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Staffing
7 Essentials for a Civil Workplace
J Lower
Publish Date: December 14, 2007   |  Tags:   Staffing

Creating an atmosphere of civility in the workplace, besides simply being the right thing to do, has a huge impact on patient safety and staff retention. Here are seven steps to consider.

Increase awareness. All members of your facility need to understand the importance of maintaining a civil workplace and must support a call to action to change toxic environments. Formally survey the staff. Do they encounter a lack of civility in their work relationships? How do your nurse managers treat the staff? After collecting the results, present the data to your entire facility in an open forum. Remember, this is just the awareness phase and not the solution phase. Consider bringing in a national expert to present the data and to offer solutions. An outside voice often packs more punch.

Set expectations. Bad behaviors won't improve unless a departmental framework for change is established. Make sure your mission statement includes verbiage about creating a healthy environment for patients and staff. Use the staff survey to determine their top priorities for maintaining a healthy work environment, list the top 10 concepts and commit your staff to following them.

Create a framework for change. Designate a committee to establish a reporting and response system for breaches in your facility's code of conduct. The response system should include support measures for the perceived victim. Enact measures to avoid these common barriers to change: the perception that surgeons who bring cases to the facility won't be punished, fear of retribution and apathy because of a "nothing ever changes" attitude.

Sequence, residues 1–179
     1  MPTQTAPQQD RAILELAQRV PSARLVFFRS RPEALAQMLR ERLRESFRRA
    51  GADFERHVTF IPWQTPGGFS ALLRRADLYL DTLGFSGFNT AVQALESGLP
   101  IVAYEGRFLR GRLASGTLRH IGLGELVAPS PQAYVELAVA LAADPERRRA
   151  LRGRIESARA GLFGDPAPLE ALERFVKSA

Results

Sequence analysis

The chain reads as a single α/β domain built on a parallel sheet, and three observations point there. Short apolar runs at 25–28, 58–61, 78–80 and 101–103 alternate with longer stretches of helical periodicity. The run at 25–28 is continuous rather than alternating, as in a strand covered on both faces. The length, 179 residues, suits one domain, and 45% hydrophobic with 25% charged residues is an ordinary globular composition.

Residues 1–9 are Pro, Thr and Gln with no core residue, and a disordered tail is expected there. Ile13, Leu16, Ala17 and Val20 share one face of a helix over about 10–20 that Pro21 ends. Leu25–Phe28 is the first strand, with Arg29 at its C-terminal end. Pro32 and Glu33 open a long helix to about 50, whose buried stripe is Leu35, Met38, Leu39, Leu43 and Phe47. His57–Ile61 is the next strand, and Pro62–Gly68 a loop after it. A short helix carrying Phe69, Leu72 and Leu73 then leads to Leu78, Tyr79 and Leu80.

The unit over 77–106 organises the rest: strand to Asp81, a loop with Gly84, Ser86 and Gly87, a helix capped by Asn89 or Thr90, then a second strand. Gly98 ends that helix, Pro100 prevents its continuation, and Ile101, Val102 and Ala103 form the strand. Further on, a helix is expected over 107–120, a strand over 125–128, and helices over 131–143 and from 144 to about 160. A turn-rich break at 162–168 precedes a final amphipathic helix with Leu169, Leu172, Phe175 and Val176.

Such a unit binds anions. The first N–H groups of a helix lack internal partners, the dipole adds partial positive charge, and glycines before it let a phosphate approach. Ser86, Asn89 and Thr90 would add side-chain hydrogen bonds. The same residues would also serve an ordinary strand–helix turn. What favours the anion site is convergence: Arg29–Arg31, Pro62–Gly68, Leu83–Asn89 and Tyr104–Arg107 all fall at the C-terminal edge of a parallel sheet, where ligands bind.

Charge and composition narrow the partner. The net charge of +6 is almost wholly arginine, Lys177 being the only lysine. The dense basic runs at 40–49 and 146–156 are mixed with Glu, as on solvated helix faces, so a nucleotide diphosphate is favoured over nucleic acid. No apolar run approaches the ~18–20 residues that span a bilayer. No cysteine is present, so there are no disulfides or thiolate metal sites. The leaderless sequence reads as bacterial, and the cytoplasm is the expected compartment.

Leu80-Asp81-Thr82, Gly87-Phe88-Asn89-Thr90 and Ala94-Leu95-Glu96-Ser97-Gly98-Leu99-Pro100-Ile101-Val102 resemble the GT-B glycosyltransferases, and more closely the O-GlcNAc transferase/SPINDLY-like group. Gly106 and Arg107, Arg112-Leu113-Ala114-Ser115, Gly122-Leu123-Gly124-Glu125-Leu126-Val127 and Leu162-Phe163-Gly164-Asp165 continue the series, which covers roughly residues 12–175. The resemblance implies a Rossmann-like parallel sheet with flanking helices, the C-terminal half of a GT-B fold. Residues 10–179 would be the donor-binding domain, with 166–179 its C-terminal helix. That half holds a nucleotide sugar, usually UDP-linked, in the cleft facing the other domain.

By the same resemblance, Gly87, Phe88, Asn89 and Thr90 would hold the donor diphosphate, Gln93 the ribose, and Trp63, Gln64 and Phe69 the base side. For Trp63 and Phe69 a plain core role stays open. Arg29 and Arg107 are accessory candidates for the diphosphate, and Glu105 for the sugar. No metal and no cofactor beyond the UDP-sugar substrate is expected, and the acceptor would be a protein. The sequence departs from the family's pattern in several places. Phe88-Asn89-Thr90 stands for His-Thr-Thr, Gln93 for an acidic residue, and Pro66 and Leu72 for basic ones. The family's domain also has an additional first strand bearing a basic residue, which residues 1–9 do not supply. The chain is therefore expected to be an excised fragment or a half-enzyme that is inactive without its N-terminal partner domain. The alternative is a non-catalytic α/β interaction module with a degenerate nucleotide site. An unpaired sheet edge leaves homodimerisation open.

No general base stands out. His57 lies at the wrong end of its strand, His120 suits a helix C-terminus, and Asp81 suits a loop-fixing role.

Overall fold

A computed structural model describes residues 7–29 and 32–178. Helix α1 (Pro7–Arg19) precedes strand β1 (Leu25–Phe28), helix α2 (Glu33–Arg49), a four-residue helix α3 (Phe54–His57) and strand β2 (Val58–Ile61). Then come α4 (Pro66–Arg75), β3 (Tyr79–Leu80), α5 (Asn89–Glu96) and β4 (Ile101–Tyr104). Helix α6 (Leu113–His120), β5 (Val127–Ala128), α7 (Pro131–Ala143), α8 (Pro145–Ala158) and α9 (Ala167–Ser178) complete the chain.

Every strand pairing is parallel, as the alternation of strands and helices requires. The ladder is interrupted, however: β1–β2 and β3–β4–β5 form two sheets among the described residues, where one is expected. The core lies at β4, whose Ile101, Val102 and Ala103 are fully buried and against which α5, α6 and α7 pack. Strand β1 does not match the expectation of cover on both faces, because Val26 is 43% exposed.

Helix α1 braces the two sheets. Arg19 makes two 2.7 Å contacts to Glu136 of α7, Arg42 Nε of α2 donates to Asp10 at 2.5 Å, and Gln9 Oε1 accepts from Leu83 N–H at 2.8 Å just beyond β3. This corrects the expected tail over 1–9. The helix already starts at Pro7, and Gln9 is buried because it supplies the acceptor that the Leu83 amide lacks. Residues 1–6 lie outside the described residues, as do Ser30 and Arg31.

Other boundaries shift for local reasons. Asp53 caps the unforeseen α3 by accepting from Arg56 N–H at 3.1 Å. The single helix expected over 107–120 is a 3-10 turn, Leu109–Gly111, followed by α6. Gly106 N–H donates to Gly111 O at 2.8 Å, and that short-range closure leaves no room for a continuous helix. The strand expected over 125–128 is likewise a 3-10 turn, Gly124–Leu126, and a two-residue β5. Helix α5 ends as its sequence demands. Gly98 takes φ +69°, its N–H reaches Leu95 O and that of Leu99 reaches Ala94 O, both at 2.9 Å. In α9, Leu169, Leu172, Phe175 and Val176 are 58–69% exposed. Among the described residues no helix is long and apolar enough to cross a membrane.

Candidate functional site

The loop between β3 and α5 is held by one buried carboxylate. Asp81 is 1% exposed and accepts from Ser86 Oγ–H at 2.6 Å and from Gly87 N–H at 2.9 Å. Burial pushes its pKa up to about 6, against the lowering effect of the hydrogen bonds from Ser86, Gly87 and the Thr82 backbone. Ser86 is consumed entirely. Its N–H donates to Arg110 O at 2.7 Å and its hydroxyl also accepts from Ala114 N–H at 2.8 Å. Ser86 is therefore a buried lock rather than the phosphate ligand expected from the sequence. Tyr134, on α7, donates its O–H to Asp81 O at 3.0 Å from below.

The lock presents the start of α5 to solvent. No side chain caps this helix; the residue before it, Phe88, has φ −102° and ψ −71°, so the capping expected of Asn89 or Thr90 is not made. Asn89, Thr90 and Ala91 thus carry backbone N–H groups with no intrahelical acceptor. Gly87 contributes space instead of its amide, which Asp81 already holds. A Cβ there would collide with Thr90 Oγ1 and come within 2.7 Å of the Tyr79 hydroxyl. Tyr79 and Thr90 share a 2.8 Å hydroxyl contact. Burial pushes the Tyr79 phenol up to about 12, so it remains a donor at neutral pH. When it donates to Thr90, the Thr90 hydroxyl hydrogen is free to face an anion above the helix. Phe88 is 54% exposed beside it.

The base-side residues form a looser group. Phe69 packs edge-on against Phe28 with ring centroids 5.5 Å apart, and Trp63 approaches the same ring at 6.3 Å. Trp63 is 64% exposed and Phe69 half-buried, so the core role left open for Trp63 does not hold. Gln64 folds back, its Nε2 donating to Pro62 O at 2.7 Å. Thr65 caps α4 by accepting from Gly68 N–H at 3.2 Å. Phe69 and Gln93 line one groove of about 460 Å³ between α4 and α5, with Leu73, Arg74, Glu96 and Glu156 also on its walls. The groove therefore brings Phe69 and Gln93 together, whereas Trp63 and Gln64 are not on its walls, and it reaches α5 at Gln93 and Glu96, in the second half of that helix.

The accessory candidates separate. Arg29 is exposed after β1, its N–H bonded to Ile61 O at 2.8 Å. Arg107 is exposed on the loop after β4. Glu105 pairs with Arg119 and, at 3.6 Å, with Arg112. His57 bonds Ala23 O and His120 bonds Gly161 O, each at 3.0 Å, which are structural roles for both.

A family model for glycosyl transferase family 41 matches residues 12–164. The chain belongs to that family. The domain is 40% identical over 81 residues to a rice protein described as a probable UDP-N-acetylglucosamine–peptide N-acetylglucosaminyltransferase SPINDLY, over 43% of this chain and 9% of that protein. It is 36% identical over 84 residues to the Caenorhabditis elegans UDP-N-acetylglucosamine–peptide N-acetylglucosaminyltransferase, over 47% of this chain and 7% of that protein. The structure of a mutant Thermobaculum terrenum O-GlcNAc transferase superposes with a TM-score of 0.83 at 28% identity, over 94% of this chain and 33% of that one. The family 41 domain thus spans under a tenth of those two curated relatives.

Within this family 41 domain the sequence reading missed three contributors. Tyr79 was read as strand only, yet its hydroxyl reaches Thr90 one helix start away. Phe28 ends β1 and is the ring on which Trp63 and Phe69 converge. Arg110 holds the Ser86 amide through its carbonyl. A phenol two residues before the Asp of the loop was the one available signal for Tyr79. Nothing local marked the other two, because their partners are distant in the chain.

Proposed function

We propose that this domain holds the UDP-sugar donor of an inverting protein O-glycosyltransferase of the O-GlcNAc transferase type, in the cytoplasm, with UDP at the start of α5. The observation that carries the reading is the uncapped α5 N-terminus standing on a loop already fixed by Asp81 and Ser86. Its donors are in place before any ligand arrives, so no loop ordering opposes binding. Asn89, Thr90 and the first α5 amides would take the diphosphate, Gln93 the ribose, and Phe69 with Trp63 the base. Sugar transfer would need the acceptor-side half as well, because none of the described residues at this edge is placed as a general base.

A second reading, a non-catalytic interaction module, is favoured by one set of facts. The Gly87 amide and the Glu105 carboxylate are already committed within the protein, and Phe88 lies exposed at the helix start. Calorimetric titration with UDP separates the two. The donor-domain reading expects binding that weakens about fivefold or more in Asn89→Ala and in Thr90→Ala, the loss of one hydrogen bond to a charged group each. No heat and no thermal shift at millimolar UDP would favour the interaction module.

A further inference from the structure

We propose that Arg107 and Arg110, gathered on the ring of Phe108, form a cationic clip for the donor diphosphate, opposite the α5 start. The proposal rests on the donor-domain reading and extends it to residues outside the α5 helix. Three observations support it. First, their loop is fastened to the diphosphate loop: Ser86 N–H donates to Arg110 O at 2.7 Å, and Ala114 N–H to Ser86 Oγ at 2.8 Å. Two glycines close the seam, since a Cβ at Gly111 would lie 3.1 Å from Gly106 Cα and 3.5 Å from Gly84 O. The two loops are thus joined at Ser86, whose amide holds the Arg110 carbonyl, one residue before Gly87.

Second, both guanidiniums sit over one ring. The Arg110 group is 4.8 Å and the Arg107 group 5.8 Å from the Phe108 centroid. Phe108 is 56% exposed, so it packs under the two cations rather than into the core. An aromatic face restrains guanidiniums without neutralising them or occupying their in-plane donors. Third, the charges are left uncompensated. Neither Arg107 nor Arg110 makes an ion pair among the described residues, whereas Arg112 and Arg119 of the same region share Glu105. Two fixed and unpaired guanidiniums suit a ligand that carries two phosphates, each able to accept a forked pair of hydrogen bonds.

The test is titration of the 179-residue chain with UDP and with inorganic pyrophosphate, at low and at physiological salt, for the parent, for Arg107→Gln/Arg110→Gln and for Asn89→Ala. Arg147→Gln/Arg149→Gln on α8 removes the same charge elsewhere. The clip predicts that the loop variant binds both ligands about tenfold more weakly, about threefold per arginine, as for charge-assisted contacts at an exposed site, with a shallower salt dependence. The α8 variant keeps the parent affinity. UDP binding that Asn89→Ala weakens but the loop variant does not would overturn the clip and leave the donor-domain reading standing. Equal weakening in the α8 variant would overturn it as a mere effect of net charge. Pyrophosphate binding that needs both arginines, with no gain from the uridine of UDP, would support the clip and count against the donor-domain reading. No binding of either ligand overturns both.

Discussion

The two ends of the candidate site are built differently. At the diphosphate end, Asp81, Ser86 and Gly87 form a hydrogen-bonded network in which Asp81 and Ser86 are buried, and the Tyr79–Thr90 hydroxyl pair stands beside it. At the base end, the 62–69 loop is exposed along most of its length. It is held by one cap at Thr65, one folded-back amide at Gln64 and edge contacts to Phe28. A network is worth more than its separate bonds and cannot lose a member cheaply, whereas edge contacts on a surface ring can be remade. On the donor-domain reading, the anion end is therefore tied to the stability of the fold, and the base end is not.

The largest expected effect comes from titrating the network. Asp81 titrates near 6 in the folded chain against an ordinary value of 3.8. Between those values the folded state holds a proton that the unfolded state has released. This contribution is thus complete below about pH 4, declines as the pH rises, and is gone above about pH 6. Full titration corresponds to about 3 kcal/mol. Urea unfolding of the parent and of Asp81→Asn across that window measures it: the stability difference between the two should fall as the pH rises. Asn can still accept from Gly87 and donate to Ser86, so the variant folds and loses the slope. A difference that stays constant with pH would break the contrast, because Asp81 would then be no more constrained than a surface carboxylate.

Build trust. Even the best codes of civility on paper need to be proven in practice. To gain your staff's trust, approach what appear to be less egregious offenses to your conduct policy as earnestly as you would those you consider the most serious events and apply all policies consistently.

Provide education and opportunities. Give your staff the time and means to develop skills relating to civility. Refer your staff to appropriate employee assistance programs — anger management or assertiveness training, for example — and consider using commercially produced products that teach civility skills.

Be patient. Generating a tangible change in your facility's work culture takes at least two years, so don't expect difficult situations to turn around within two months. To maintain the momentum of your efforts, recognize all exemplary behavior and successes, no matter how small. The nurse who cuts her typical 20 weekly outbursts to 10? Let it be known. Celebrate it.

Secure outside help. Work with national professional organizations that have published statements on civility in the workplace, like the American Nurses Association and American Medical Association. Those types of organizations will lend credibility to your own efforts. Belligerent surgeons may not listen to you, but they may consider more seriously the recommendations of the AMA, their own organization.

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